July 18, 2018
2 min read

Air pollution does not offset CV benefits of exercise

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High levels of air pollution did not alter the benefits of physical activity on the incidence and recurrence of MI, according to a study published in the Journal of the American Heart Association.

“While exercise is known to reduce cardiovascular disease risk, pollution can increase the risk of cardiovascular disease, including heart attacks, asthma and chronic obstructive lung disease,” Nadine J. Kubesch, PhD, MPH, researcher at the University of Copenhagen in Denmark, said in a press release. “Currently there is little data on whether poor air quality cancels out the protective benefits of physical activity in preventing heart attacks.”

Researchers analyzed data from 57,053 participants (mean age, 57 years; 52% women) aged 50 to 65 years from the Danish Diet, Cancer and Health cohort. Information on relevant confounders for MI and physical activity were collected between 1993 and 1997 through an extensive questionnaire. Other information that was collected included smoking, diet, education, alcohol consumption, history of diseases and medication, occupation, hormone therapy use, reproduction health and other health-related information. Participants also had their height, BP and weight measured at enrollment.

The physical activities that were focused on in the questionnaire were sports, gardening, cycling, housework, walking and “do-it-yourself” activities. The Danish AirGIS dispersion modeling system was used to estimate concentrations of nitrogen dioxide.

Nearly all participants in the study (97.6%) did not have a history of MI at baseline. During a mean follow-up of 17.8 years, 2,936 participants developed incident MI.

Among those who had a history of MI at baseline (2.4%), recurrent MI was seen in 324 participants during a mean follow-up of 14.4 years.

At baseline, the mean concentration of nitrogen dioxide was 18.7 µg/m3.

There were inverse statistically significant associations between incident MI and participation in cycling (HR = 0.91; 95% CI, 0.84-0.98), sports (HR = 0.85; 95% CI, 0.79-0.92) and gardening (HR = 0.87; 95% CI, 0.8-0.95). The association was statistically nonsignificant with incident MI and walking (HR = 0.95; 95% CI, 0.83-1.08).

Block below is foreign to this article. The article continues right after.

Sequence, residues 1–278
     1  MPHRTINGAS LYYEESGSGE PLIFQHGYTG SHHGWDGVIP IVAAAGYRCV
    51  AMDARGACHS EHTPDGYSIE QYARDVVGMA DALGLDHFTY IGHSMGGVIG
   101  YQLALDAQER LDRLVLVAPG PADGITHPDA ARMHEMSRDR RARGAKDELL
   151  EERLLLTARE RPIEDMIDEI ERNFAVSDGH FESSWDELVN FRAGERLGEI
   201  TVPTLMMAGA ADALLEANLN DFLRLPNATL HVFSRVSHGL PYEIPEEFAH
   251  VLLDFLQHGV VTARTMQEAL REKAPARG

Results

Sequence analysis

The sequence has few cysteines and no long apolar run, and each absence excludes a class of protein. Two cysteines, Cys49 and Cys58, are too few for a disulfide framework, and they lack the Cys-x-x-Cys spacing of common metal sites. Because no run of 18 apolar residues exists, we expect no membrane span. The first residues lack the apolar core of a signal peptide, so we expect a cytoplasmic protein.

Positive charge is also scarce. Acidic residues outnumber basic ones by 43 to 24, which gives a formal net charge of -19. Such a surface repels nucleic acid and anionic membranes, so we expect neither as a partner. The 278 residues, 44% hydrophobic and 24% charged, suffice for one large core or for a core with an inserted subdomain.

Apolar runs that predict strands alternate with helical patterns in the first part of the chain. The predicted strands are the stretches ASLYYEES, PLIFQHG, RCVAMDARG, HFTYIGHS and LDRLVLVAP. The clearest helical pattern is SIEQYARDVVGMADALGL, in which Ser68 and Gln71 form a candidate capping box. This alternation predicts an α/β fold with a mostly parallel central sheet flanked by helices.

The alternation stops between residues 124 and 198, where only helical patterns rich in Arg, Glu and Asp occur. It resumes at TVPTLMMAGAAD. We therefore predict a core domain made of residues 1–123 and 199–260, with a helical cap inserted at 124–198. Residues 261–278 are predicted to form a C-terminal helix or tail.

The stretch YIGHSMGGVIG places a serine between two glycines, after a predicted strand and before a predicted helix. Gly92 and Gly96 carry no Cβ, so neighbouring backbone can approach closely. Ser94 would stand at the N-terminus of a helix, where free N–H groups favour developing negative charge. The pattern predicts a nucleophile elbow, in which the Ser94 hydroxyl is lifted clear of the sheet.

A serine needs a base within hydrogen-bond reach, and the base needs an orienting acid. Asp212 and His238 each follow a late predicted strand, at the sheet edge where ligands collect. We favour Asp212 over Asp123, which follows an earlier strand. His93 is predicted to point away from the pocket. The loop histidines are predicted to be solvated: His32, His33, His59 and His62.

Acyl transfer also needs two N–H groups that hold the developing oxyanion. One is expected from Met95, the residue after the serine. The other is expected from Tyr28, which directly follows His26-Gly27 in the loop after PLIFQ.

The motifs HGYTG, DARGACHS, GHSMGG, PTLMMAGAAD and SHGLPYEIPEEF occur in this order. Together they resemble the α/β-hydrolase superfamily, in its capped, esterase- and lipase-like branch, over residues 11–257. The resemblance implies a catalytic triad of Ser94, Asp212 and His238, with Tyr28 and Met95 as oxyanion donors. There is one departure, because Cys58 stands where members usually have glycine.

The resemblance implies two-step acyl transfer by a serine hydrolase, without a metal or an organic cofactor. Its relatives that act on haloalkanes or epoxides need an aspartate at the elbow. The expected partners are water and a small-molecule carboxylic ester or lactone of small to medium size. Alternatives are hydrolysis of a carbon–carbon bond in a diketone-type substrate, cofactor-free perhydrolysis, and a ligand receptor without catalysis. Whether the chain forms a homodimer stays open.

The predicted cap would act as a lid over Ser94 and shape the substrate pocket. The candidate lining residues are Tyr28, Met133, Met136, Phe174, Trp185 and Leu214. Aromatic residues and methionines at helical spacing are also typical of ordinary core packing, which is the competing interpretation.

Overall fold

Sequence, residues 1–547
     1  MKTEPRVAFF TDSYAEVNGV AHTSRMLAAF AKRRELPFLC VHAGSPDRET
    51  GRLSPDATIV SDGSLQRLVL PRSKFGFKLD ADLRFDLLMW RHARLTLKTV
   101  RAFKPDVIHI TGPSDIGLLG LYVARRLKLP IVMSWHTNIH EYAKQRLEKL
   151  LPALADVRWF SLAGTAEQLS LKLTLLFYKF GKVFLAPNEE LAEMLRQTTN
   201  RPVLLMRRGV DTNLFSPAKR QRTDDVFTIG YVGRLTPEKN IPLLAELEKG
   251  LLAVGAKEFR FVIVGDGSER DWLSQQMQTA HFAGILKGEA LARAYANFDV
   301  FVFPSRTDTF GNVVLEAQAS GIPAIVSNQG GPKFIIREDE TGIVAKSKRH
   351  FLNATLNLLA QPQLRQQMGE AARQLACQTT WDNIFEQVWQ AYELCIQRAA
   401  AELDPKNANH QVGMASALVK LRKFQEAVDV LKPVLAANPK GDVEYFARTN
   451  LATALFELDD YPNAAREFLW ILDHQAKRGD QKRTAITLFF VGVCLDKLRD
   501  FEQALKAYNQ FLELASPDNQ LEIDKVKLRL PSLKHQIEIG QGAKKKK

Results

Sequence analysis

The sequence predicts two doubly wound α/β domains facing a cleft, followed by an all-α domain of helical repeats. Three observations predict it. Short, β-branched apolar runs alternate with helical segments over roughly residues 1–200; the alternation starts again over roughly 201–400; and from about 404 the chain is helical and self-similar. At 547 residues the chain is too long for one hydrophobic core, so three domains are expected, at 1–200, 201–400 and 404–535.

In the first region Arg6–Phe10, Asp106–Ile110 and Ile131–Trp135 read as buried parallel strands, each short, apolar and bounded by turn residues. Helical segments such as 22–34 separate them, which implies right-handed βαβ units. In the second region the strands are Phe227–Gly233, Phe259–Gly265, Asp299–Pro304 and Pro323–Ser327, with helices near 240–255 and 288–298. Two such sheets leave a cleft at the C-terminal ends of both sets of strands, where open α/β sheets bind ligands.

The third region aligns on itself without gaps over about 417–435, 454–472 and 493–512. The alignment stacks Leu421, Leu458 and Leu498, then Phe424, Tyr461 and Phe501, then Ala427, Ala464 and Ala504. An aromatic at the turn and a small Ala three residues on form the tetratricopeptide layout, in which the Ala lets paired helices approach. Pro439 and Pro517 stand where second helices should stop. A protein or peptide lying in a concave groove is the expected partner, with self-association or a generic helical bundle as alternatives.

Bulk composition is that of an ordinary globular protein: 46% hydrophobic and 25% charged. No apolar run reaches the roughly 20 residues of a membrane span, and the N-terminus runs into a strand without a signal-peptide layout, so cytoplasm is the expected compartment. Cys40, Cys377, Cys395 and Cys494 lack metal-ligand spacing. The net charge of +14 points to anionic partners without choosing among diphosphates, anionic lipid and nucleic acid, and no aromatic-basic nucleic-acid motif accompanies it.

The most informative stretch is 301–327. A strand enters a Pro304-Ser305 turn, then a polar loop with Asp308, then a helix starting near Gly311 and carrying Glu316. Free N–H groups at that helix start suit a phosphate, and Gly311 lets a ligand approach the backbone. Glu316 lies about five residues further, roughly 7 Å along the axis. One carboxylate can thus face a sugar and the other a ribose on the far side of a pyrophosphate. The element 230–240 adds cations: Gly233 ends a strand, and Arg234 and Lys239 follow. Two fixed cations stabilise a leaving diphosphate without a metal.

Recurrent MI was positively associated with sports participation, although it was statistically nonsignificant (HR = 1.06; 95% CI, 0.83-1.35). There was a statistically nonsignificant inverse association between recurrent MI and walking (HR = 0.82; 95% CI, 0.57-1.16), cycling (HR = 0.8; 95% CI, 0.63-1.02) and gardening (HR = 0.91; 95% CI, 0.71-1.18).

Noisy daytime traffic on a New York City street.
High levels of air pollution did not alter the benefits of physical activity on the incidence and recurrence of MI.
Source: Shutterstock

The association between MI and physical activity was not affected by nitrogen dioxide levels.

“We can conclude that the long-term benefits of physical activity in preventing the development of MI in healthy, middle-aged participants, and possibly as effective disease control in patients with prior MI, can outweigh the risks associated with enhanced residential exposure to traffic-related air pollution during physical activity,” Kubesch and colleagues wrote. – by Darlene Dobkowski

Disclosures: This study is supported by the Novo Nordisk Foundation. The authors report no relevant financial disclosures.